Have you ever stood behind a room full of teachers or administrators at meetings or professional development? What do you see on their computer screens? Let’s see—Email to keep track of what’s going on at work; Twitter to provide a back channel for communicating with others near and far; web sites that are the topic of the gathering and web sites that clearly aren’t; calendars to see what’s coming up tomorrow; blogs of favorite authors; consumer retail sites, and that’s just to name a few distractions. Add to that the cell phones, and the neighbor we’re chatting with, and it’s a wonder that we ever hear a word that’s said on the topic of the gathering or accomplish the tasks at hand. Are we surprised that we see the same thing in our classrooms, and by the way, what is the solution?
The truth of the matter is that we can only focus on one thing at a time. While we can cruise between lots of tasks in tiny bursts of concentration, we truly can’t be processing two thoughts on two different topics at the same time. How many times have you heard what a moderator said, taken off on that tangent in some way on your laptop (or on some other completely off task tangent) and then had to ask for the next part of the presentation to be repeated? I’ve never been to a gathering of professionals where this didn’t happen, and many times it’s me who got lost by my wandering fingers on the keyboard or phone.
I know what the canned responses are:
“Whose fault is it if students are running around on Facebook when they should be on task in the classroom?”
“Chat should be open for back channel conversations, and students who are engaged won’t talk about anything but the current topic."
“Stand and deliver presentations deserve the lack of engagement.”
“Find something students care about, and they’ll pay attention.”
“Show students how the topic applies to them in real life, and they won’t even think of socializing with their peers.”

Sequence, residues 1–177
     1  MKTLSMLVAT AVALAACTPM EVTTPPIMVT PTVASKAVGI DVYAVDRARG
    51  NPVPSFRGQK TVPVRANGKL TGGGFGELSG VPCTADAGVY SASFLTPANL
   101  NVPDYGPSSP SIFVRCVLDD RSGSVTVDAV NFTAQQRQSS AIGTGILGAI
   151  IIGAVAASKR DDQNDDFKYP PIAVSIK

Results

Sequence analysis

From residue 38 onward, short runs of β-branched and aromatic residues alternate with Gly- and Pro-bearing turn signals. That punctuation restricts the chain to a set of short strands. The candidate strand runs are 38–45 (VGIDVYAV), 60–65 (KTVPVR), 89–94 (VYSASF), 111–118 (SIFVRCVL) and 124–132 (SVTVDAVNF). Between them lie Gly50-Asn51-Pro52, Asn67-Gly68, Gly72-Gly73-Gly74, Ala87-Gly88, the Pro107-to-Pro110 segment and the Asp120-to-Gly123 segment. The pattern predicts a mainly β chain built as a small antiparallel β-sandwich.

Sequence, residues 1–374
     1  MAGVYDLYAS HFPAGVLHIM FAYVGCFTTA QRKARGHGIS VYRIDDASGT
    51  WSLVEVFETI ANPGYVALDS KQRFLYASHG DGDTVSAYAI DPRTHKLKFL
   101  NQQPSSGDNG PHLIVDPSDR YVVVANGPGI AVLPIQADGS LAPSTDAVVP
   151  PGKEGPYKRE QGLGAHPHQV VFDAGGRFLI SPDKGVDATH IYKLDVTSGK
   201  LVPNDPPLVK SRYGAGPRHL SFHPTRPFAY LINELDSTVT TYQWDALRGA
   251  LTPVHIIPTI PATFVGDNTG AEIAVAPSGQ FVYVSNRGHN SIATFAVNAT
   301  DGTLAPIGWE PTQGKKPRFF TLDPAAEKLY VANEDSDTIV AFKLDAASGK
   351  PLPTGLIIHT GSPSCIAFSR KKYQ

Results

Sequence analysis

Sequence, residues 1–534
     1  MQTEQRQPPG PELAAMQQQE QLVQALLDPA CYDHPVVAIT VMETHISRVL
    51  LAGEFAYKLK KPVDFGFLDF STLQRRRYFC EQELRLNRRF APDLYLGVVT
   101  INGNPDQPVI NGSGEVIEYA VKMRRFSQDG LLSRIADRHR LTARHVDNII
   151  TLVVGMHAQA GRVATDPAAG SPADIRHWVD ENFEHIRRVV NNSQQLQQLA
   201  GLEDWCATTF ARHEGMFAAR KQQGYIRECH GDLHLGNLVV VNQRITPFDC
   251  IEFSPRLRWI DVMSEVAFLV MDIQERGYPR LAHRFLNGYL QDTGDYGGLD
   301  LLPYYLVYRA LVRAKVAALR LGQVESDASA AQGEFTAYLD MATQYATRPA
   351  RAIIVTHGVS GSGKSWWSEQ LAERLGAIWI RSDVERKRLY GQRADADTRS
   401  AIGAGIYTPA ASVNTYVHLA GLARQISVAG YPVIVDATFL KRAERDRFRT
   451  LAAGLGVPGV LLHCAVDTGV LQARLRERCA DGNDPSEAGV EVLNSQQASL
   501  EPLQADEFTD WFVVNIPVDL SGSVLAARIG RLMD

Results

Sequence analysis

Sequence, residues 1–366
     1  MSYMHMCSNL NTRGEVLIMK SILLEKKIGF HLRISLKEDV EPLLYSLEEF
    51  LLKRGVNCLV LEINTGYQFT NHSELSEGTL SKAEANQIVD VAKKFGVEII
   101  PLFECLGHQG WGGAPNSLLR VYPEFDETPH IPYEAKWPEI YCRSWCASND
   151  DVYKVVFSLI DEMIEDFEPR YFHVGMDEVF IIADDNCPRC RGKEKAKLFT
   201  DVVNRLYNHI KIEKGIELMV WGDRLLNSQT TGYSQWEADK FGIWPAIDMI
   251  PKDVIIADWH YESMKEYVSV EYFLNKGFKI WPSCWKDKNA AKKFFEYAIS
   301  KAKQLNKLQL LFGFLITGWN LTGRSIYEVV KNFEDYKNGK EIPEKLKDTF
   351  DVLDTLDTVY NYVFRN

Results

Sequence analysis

Are you serious? Do you really believe that students, young and old, can use their interpretation of the quality of the class or meeting as their cop out for not paying attention? Who’s to judge that quality? I have one daughter who hates small group work. I have a son who would rather shovel snow than listen to a lecture. I have another daughter who thinks online classes are the best way to learn and another daughter who can’t stand not having other people physically present when learning. Do we really think that depending on each student's learning style or preference, an excuse can be made for not paying attention?
The truth of the matter is that despite the best intentions of presenters or moderators, whether with lessons for classrooms of students, or with PD or meetings for teachers and administrators, the temptations for participants’ forging ahead on their own, whether on or off topic, is enormous. We pick and choose what we care about, and we focus on what our priorities are at the time. In so doing, the entire purpose of the class or the gathering can be lost. Whose fault is that?
I’m going to go out on a limb here, and assert that the locus of control does not rest with the teacher or moderator alone, although they certainly share responsibility. The responsibility also has to lie with those who came to the class or session. Just because laptops or cell phones present huge temptations to wander off mentally, we owe it to ourselves and our peers to stay on task. I don’t care if the class or session isn’t perfect. I don’t care if there’s too much stand and deliver. I don’t care if the small group work seems ill defined. I don’t even care if someone is waiting for an important email to arrive. There comes a point when one has to take responsibility for his/her own learning. Students, young and old, who don’t are cheating themselves and their cohorts. Surely part of our job as educators, in addition to creating the best learning tasks we can, is to clearly define our behavioral expectations in our classrooms or meeting rooms, and surely our job as students is to follow the rules, pay attention, and learn. No excuses.